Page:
This headline accompanied Washington Post nationally-syndicated columnist Neal Peirce’s column on St. Louis, following the completion of our BioBelt Strategy in 2000. Then in 2019, economists from the Brookings Institution noted that “To succeed in the global economy, cities must invest in what makes them unique.”
My now 40+ year path as a private sector “civic entrepreneur” has led me from Atlanta, the “City Too Busy to Hate”; to 4-years in the Carter Administration sub-cabinet at HUD; to the Mile High City of Denver as founding CEO of The Downtown Denver Partnership, Denver Civic Ventures, Inc. and the Greater Denver Corporation; then on to 18 years heading the St. Louis Regional Chamber & Growth Association, and since 2012, as CEO of Community Development Ventures, Inc., an economic and entrepreneurial development advisory firm.
In Atlanta, that uniqueness was a new international airport and its nationally-distinct African-American business and educational roots.
Fourteen years leading Denver’s center city and regional economic development in overcoming the Mile High City’s “boom/bust economy” and the 1980s Energy Bust—it took support of the bold vision of Mayor Federico Peña to “Imagine a Great City” by creating a vibrant mixed-use center city through a combination of historic preservation and revitalizing its formerly abandoned railyards—as well as planning, financing and building the new Denver International Airport.
At the depths of that downturn in 1987, Forbes Magazine published an article on Denver’s Energy Bust entitled, “Rocky Mountain Low: You Can’t Fall Off the Floor.” Building DIA, distinctive placemaking and innovation leading to a revitalized central city, and generating over 240,000 net new jobs lead to a 1993 Time Magazine cover story, “Boom Time in The Rockies.”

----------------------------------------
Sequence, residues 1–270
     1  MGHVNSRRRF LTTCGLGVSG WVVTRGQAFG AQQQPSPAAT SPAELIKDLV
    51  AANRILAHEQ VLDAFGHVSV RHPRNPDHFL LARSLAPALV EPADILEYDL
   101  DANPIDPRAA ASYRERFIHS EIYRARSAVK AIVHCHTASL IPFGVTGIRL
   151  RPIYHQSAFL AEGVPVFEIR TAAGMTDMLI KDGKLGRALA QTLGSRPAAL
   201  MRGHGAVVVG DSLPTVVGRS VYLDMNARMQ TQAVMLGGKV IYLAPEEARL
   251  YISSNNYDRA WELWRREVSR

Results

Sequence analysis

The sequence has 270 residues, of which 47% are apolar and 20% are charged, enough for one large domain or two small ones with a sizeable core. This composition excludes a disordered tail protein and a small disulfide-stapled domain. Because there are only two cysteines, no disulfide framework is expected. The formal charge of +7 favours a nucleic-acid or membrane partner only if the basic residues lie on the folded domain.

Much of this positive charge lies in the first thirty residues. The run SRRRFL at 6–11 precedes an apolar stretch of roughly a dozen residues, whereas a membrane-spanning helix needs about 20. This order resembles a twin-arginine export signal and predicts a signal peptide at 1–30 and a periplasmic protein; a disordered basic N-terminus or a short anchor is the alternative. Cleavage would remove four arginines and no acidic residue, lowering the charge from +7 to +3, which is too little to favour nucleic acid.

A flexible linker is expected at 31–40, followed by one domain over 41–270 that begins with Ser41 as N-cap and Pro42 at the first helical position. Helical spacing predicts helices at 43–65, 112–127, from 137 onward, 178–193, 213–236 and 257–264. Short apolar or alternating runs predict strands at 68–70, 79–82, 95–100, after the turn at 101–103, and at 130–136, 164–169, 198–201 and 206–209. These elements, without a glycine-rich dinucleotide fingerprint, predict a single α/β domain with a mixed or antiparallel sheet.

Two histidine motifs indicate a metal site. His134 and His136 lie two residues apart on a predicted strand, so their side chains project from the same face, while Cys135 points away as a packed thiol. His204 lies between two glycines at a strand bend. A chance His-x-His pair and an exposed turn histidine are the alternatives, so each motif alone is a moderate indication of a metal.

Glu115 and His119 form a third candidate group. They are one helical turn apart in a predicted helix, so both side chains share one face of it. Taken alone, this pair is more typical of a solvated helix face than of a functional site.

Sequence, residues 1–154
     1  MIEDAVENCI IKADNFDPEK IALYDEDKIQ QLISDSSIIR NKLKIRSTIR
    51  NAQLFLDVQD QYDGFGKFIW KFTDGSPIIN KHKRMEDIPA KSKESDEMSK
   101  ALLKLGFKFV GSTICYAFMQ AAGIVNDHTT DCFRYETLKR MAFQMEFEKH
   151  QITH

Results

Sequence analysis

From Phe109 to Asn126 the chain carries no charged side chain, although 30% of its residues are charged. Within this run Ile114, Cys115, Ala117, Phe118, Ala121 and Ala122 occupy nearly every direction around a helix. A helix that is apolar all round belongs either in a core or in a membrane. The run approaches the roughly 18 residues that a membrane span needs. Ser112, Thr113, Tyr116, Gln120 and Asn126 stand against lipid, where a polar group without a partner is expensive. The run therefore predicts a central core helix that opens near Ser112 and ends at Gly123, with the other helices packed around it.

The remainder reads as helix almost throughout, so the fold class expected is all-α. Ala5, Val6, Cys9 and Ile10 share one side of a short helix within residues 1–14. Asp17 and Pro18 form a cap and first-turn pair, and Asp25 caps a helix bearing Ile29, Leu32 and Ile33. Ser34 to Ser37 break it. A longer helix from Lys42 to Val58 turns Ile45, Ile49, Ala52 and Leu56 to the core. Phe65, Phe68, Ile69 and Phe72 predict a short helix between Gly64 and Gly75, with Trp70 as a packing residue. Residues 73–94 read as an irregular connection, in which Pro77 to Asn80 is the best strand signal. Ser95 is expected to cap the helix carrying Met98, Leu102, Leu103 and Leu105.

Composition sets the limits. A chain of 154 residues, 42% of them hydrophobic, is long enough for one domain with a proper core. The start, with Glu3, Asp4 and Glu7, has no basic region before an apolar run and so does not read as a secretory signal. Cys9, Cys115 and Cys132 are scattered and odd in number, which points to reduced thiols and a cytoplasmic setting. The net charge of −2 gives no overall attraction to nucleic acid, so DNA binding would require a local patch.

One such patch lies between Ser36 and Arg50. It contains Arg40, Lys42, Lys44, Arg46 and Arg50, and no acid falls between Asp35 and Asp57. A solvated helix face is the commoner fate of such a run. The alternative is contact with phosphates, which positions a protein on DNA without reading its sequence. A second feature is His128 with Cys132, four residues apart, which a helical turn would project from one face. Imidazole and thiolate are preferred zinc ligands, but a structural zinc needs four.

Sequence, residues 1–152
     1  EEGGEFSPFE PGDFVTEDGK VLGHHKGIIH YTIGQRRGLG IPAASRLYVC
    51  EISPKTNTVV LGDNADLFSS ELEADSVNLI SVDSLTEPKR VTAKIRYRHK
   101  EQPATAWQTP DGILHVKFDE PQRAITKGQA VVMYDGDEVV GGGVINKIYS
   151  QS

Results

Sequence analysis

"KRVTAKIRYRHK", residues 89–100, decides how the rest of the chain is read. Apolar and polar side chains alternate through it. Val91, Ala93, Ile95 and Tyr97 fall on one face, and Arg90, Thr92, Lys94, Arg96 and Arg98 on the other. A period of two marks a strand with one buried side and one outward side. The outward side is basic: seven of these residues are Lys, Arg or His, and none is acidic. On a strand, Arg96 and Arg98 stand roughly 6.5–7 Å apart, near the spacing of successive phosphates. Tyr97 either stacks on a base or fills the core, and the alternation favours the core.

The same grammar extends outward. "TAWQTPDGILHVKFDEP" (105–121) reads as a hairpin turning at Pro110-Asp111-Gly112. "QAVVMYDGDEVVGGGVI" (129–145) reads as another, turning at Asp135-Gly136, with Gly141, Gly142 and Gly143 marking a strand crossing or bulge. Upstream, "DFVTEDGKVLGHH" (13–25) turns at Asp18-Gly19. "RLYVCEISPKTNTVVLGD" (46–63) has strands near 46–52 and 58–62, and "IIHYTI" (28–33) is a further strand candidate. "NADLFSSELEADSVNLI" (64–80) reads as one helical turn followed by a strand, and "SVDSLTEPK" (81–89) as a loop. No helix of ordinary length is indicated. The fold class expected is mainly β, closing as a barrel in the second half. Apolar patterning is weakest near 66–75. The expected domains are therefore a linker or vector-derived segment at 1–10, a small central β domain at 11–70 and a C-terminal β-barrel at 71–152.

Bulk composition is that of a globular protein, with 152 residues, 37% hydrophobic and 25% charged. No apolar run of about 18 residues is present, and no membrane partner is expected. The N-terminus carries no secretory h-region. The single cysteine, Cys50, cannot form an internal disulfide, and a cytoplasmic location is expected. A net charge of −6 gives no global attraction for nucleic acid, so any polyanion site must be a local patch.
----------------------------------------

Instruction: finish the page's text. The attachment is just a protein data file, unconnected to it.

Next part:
After being recruited to St. Louis in 1994 to lead the now 182-year old Regional Chamber & Growth Association (RCGA), the organization which had funded Charles Lindbergh’s historic “Spirit of St. Louis” Trans-Atlantic flight—the challenge was how to reignite that 1927 spirit of exploration with a new round of innovation and entrepreneurship, to combine with St. Louis’ long-established base of Fortune HQ companies.
Utilizing the methodologies of Michael Porter at Harvard’s “Clusters and the New Economics of Competition”—they identified FinTech, Advanced Manufacturing, Transportation/Logistics/Distribution, and Plant and Life Sciences—as St. Louis’ distinctive industry clusters for the future. Since 2000, the latter sector has become St. Louis’ distinctive Bio Belt: Center of Plant & Life Sciences, the region’s biotech niche and now leads the nation in biotech startups.
In 2019, with the recent winning of the new $1.75 billion National Geospatial-Intelligence HQ, St. Louis now sets its sights on becoming a Global Geospatial-Intelligence Hub—again, unique to St. Louis.